As many of these readers know, I was quite shook up by the negativity expressed in the Brit Milah film and panel held this year on the last day of Sukot. I walked away startled at how far some Jews have come from appreciating one of the cornerstones of Jewish identity and connection to G-d and each other. But last week, like Esther in the Purim story, I received a wink from Above that all was not lost and that Hashgacha Pratit, otherwise known as Divine Providence, was alive and well in Boulder Colorado.
The wink came from a Brit Milah celebration last Friday, Shushan Purim. A beautiful boy was born to a prominent Boulder Jewish family, the Berlins and to the grandparents Rich and Karyn Schad, a family who I had been privileged to teach for many years. I brought a scroll of Megilat Esther with me, not to read, since Purim was just over, but to illustrate a remarkable teaching from the scroll, which I will summarize briefly:
In the story there is a curious set of verses. After Haman’s sons had already been hung, Esther asks the king to hang the ten sons ‘tomorrow.’ Another anomaly in the megilah is that when listing the names of the sons, some letters are written in a smaller than normal size- a Zayin, Tav, and Shin, and one letter, a vav, is enlarged.
The sages could not make much sense of these unusual features till recent times. However, during the Nuremberg trials in 1946, ten Nazis were hung, the last of who was Julius Streicher, the editor of the rabid anti-Semitic magazine, Der Sturmer. As he was being led to the gallows, he cried out, ‘Purimfest, 1946.’ This was to say the least a cryptic remark, since the hanging took place- get this!- on Hoshana Rabbah, the last day of Sukkot.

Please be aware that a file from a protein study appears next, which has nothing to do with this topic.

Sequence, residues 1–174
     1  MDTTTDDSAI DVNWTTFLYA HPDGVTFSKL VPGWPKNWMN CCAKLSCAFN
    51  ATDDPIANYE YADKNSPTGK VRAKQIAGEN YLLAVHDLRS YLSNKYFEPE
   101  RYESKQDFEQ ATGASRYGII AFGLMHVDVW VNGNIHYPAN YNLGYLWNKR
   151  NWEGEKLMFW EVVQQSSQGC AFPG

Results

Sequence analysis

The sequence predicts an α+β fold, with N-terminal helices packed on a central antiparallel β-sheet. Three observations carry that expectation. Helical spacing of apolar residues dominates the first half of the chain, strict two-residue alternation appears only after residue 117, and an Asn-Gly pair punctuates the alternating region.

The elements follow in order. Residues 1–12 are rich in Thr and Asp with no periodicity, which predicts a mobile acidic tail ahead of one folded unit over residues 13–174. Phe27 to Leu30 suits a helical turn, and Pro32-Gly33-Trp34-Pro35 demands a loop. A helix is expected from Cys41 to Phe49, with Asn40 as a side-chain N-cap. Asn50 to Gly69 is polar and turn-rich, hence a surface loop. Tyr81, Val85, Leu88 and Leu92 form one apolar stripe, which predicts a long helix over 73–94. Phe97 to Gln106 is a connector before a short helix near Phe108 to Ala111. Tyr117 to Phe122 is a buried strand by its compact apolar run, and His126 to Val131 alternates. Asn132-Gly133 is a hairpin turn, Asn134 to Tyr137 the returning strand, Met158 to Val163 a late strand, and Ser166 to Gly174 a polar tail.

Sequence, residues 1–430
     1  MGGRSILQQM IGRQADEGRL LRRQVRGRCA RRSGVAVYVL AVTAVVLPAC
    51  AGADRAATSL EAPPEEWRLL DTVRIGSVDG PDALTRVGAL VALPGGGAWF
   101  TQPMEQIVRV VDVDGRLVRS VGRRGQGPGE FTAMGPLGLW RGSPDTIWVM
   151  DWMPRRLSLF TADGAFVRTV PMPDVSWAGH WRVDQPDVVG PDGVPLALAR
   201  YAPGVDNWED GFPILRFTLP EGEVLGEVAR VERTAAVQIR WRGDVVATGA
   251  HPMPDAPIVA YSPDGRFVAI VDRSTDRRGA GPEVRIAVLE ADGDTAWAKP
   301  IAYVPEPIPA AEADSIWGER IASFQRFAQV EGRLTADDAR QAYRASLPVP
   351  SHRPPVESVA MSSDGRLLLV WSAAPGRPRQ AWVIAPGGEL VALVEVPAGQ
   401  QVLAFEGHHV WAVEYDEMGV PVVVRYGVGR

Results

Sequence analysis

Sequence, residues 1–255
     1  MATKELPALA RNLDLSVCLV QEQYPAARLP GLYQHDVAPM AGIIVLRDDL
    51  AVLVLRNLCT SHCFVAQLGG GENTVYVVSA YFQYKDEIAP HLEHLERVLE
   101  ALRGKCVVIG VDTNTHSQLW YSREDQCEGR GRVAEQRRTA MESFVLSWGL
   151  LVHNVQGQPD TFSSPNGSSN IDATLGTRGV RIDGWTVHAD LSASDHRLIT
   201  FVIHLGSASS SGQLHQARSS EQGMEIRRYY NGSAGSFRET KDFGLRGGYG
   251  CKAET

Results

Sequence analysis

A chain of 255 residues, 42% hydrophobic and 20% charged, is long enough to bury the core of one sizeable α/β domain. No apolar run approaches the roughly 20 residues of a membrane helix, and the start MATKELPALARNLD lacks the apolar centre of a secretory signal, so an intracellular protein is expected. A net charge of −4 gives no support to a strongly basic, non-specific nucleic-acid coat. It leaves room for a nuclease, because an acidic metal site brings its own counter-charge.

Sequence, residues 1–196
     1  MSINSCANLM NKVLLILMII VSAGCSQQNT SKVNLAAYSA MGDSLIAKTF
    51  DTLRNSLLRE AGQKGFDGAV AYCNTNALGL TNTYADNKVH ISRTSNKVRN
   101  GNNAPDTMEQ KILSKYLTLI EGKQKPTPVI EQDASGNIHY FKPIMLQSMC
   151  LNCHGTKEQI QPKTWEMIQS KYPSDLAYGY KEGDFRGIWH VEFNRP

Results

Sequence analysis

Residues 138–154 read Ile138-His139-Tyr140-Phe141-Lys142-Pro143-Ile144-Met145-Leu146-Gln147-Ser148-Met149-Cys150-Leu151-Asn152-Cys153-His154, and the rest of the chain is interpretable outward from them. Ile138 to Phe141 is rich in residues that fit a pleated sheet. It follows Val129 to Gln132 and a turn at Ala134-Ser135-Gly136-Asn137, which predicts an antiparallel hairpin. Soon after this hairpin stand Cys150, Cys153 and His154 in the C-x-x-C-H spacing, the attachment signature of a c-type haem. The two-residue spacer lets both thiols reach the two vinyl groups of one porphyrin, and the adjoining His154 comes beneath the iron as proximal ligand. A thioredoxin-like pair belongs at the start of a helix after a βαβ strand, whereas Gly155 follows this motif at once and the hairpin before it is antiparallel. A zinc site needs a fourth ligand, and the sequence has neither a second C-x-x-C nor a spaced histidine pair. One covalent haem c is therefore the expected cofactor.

Thus to many the mystery of the letters as well as Esther’s prophetic request took on a new meaning. Esther, who is called the last of the seven great Prophetesses of Biblical times, could have been referring to the Nazis, the modern day descendants of Haman. And the letters? The shape of the Vav symbolized the gallows, while the three small letters numerically add up to 707, the Hebrew year corresponding to 1946!
Furthermore, in the megilah itself there is a reference to Brit milah: On the verse, the Jews had light, happiness, joy and honor, (the same phrase we recite during Havdalah) the sages say that light refers to Torah, happiness refers to holidays, and joy, sasson, refers to Brit milah, and honor to Tefilin.
So here I was attending a most joyous Brit milah of a baby who literally glowed with holy radiance and tranquility (even right after the circumcision) on Shushan (same Hebrew letters as Sasson, the word for joy) Purim!
To add to the power of the ‘wink’, the attending Mohel was Dr. Shelly Ciner from Denver, the mohel who was hoping to come up and participate in the panel, but could not because of a death in his family. The Berlins had contacted another Mohel for the Brit, but the other one was unavailable and so Dr. Ciner- who could not come to the panel on Hoshanna Rabbah, now shows up at this Brit on Shushan Purim!
This event for me was a true healing from the apprehension I felt on Hoshana Rabba. I wondered if Brit Milah in particular and Judaism in general, might be an ‘endangered’ species here in Boulder. I’m sure G-d responded to my fears. Two weeks ago a new baby Jewish boy named Noach Moshe arrived in Boulder, and to me at least, this has made all the difference. I pray that sooner than later, there will be in Boulder a thriving Jewish day school for this baby to attend and grow in Torah and positive Jewish values, and like his namesakes, Noach and Moshe, that he grow up to be a source of light and salvation for the entire world.